Mrs. King sang at a concert commemorating the first anniversary of the Montgomery bus boycott.  She alternated stories from the struggle for equal rights with songs drawn mainly from the repertoire of spirituals. Later, the Freedom Concerts of 1965 were a series of fund-raising events, narrated and sung by Mrs. King along the same lines.  Many of the songs were sprituals, including "Hold On," "Honor, Honor," "Witness," and "Seeking for a City."  She also sang songs composed by a family friend.

Just seconds before his assassination, Dr. King was making a musical request for the evening's entertainment:  "Be sure to sing 'Precious Lord, Take My Hand' for me tonight," he called down to Ben Branch, the evening's performer.

His funeral was held at Morehouse College, his alma mater.   Mahalia Jackson sang Precious Lord, the song that had been his last wish.  Also sung that day were the Hymn "O God, Our Help in Ages Past," the spirituals "Balm in Gilead" and "Ain't Got Time to Die," and the Morehouse College Hymn.  The organist opened the service with improvisations on spirituals and "We Shall Overcome," followed by Cortege by Dupre.  The Recessional was "Largo" from Dvorak's New World Symphony.

For scores and recordings of spirituals in the Music Collection, select "Subject" in Cardcat and type: "Spirituals (Songs) and African Americans."  You can also see early sheet music editions on the Library of Congress's American Memory site.

Tuesday, January 4, 2011

Music & The Civil Rights Movement: Books and Scores (Sheet Music)

Every revolution has its music, but the Civil Rights Movement was special in being the first to benefit from sound recording and broadcasting. This meant that people on the fringes of the movement, non-participants, and even the antagonists could learn and sing the same songs that the active participants sang.  Television showed marches, rallies, and sit-ins, and the songs that went with them. This gave music a special role in spreading the message and sentiment of the movement.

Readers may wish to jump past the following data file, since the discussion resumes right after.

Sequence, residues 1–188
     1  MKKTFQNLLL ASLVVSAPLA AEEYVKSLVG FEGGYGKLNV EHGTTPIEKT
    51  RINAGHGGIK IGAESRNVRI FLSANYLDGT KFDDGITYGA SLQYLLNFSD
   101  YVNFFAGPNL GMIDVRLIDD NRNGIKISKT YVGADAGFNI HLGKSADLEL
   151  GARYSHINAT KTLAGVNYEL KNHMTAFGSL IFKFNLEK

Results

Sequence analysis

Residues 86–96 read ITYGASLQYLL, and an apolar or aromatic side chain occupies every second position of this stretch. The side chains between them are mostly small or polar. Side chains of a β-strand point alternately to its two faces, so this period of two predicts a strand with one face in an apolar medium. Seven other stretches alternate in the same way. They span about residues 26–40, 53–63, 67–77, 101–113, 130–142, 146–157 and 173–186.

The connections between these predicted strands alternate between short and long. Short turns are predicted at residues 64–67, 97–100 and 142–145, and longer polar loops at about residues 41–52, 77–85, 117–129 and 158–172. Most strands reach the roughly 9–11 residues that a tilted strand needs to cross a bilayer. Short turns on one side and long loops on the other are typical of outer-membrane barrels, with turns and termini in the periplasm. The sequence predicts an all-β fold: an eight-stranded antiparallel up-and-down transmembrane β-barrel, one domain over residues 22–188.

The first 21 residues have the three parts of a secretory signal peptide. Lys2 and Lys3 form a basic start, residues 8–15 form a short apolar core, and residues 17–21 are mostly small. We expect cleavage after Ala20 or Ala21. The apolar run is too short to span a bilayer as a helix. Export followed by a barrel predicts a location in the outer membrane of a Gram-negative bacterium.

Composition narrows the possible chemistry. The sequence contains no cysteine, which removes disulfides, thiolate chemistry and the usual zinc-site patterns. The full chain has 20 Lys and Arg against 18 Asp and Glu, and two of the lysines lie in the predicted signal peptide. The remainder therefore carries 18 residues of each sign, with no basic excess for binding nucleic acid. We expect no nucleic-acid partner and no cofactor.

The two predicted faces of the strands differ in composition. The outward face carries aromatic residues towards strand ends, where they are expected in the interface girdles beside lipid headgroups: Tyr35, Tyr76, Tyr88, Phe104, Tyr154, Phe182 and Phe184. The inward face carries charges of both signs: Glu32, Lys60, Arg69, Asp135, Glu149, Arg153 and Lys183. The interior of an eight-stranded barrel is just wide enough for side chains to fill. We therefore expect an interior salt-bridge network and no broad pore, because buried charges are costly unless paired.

A few authors have written about this connection, either within the context of African-American music, or the context of protest music.  Check out some of these titles to learn more about the central role of music in conveying emotion and meaning:

Unofficial Anthems of the Civil Rights Movement

When remembering Dr. Martin Luther King in music, the two songs that come to mind most readily are We Shall Overcome and Lift Ev'ry Voice and Sing the two songs most associated with demonstrations and the civil rights movement in general.  But the movement also infused popular culture, inspiring some now-classic R & B hits, such as:

Say it Loud (I'm Black and I'm Proud) by James Brown

Respect Yourself, and I'll Take you There by The Staple Singers

Think and R-E-S-P-E-C-T by Aretha Franklin

What's Goin' On? by Marvin Gaye

Ball of Confusion, by The Temptations

Smiling Faces Sometimes, by The Undisputed Truth

One of the most iconic topical songs of the era was "The Revolution Will Not be Televised," by Gil Scott-Heron.  Though its style is still unclassifiable, it is sometimes credited as the "first rap song."

Other songs had socially conscious lyrics while not specifically addressing the Movement.  A common theme was a noble family or individual living in poverty as portrayed in such songs as "Patches" by Clarence Carter, "In the Ghetto" by Elvis Presley, and Stevie Wonder's "Living for the City" and "Uptight" (Everything's Alright).